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Courtney McKeon (left) as Sarah Dekker with Lisa Tyrell, Fiach Kunz, and Paul Fitzgerald

Courtney McKeon, who plays the main character Sarah Dekker, tells Dread Central:

“What it meant to play Sarah so close after the referendum is a layered question. When Paddy first approached with the script, we were months away from the vote. There was so much uncertainty about whether it would pass or not and there was this sense of urgency with the film, that the message could possibly have a sell-by date. Should May 25th render a “No” vote, we would be making a film about something that had been voted by people we knew, people around us, as illegal. Fast forward to May 25th, much to a lot of peoples surprise, the “Yes” vote won. I was very lucky to have a family of “Yes” voters. Even my 90-year-old granny had her say for the women of Ireland.

“When it came time to play Sarah in October of 2018, you still could not access an abortion in Ireland. It would be January before any legislation would pass. Playing Sarah showed me the journey so many women had done before me. Everyone knows someone who had to travel. Sitting in Shannon airport as we filmed the scene, I was struck by the weight of what we were doing with the film. I felt their stories on my shoulders and knew I was doing something that transcended horror and film. I was their voice and their face. A topic which was shamed into silence for so long was now at the centre of this film with me as the protagonist.

“As the film went on I carried that with me. Each time Sarah suffered I knew what I was playing was not just Paddy’s fiction, but many women’s reality. Sarah was a cathartic experience in many ways [as] she helped me deal with what could have been should the “Yes” side have lost. Even the horror side has this metaphorical edge that roots the film in reality. Sure, no one is really going to be haunted by demon babies, but many women who have to travel are haunted by shame and guilt. Even when the decision is their own, like Sarah’s, many girls and women were abandoned; abandoned by their families, sent away to mother and baby homes, left to fend for themselves, all for shame.

“At the end of the day this film is important. It’s not just a well-written elevated horror, it’s a brave show of face for a topic that has always required silence. I’m proud of what I could achieve with Sarah and I would play her again in a heartbeat.”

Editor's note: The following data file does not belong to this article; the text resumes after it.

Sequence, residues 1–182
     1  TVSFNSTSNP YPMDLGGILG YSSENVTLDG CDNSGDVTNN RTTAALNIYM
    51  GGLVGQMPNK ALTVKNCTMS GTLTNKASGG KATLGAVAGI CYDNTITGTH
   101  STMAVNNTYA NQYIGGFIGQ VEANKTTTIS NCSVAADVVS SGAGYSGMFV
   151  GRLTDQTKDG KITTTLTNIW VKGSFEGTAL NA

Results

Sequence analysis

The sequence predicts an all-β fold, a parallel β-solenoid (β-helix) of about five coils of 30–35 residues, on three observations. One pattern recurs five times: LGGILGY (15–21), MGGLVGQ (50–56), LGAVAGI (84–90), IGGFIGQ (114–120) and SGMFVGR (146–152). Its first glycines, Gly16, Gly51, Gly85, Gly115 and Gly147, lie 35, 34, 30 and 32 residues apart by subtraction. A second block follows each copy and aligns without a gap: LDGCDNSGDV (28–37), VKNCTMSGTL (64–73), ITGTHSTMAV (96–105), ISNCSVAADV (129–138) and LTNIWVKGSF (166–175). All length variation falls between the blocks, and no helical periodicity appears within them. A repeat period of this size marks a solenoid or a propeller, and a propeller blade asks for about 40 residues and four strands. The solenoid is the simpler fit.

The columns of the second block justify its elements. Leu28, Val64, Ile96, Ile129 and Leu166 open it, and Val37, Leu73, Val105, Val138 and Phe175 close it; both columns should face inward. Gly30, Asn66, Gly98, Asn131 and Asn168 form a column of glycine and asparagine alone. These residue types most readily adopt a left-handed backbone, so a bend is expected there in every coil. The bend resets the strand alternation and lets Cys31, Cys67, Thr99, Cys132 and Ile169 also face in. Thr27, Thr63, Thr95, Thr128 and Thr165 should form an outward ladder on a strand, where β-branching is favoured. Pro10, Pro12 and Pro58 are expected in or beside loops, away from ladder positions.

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Stephen Tubridy as “Kilin”

Vachn Gill, co-producer, added:

“On most other [Celtic Badger Media] shoots before this, I’ve mainly worked in art department or done makeup and SFX. Being in business this long, you learn to see and anticipate where the gaps are and come up with solutions ASAP or you can find yourself in trouble. That experience in my day job gave me a leg up in being a producer on this film. It was a natural fit. Seeing a lot of small problems and fixing them on a tight deadline. I definitely feel like finding and sorting out all the small things really helps you see the bigger picture clearly. It really makes you appreciate how important each role is no matter how small seeming.

“I got to do everything from cat wrangling to catering for 26 people. The team we have is like a family. Everyone has each other’s backs, so even if things go wrong on set, as they can often do, you know you can delegate to people you trust and know everything will get done. You know everyone’s strengths and you play to that. Juggling other roles was difficult at times, but knowing you have a family behind you to support you all the way and help get things done, made it run as well as it did. That and lots of hugs. We’re definitely huggers.”

Written and directed by Paddy Murphy, The Perished stars Courtney McKeon, Paul Fitzgerald, Fiach Kunz, Lisa Tyrrell, and Stephen Tubridy. The film is currently in post-production and we’re keeping a very close eye on it.